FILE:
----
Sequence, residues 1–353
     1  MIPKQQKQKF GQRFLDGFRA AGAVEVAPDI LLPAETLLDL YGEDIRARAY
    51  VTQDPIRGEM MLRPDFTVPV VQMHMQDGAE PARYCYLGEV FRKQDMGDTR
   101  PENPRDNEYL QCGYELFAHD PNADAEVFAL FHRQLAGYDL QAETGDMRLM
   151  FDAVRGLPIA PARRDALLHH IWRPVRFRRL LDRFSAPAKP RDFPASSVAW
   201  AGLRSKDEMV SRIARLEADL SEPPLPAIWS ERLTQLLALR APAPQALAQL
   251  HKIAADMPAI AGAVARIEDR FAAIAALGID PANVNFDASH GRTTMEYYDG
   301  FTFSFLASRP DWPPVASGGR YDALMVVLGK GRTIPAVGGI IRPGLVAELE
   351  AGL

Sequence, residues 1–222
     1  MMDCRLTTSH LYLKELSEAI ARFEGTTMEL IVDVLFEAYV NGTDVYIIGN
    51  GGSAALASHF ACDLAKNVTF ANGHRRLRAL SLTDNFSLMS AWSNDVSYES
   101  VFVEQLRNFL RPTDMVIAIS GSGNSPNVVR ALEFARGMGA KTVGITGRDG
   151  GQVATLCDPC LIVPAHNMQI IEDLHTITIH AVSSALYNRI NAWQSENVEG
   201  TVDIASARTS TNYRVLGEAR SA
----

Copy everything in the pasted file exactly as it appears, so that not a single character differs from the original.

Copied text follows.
Sequence, residues 1–353
     1  MIPKQQKQKF GQRFLDGFRA AGAVEVAPDI LLPAETLLDL YGEDIRARAY
    51  VTQDPIRGEM MLRPDFTVPV VQMHMQDGAE PARYCYLGEV FRKQDMGDTR
   101  PENPRDNEYL QCGYELFAHD PNADAEVFAL FHRQLAGYDL QAETGDMRLM
   151  FDAVRGLPIA PARRDALLHH IWRPVRFRRL LDRFSAPAKP RDFPASSVAW
   201  AGLRSKDEMV SRIARLEADL SEPPLPAIWS ERLTQLLALR APAPQALAQL
   251  HKIAADMPAI AGAVARIEDR FAAIAALGID PANVNFDASH GRTTMEYYDG
   301  FTFSFLASRP DWPPVASGGR YDALMVVLGK GRTIPAVGGI IRPGLVAELE
   351  AGL

Sequence, residues 1–222
     1  MMDCRLTTSH LYLKELSEAI ARFEGTTMEL IVDVLFEAYV NGTDVYIIGN
    51  GGSAALASHF ACDLAKNVTF ANGHRRLRAL SLTDNFSLMS AWSNDVSYES
   101  VFVEQLRNFL RPTDMVIAIS GSGNSPNVVR ALEFARGMGA KTVGITGRDG
   151  GQVATLCDPC LIVPAHNMQI IEDLHTITIH AVSSALYNRI NAWQSENVEG
   201  TVDIASARTS TNYRVLGEAR SA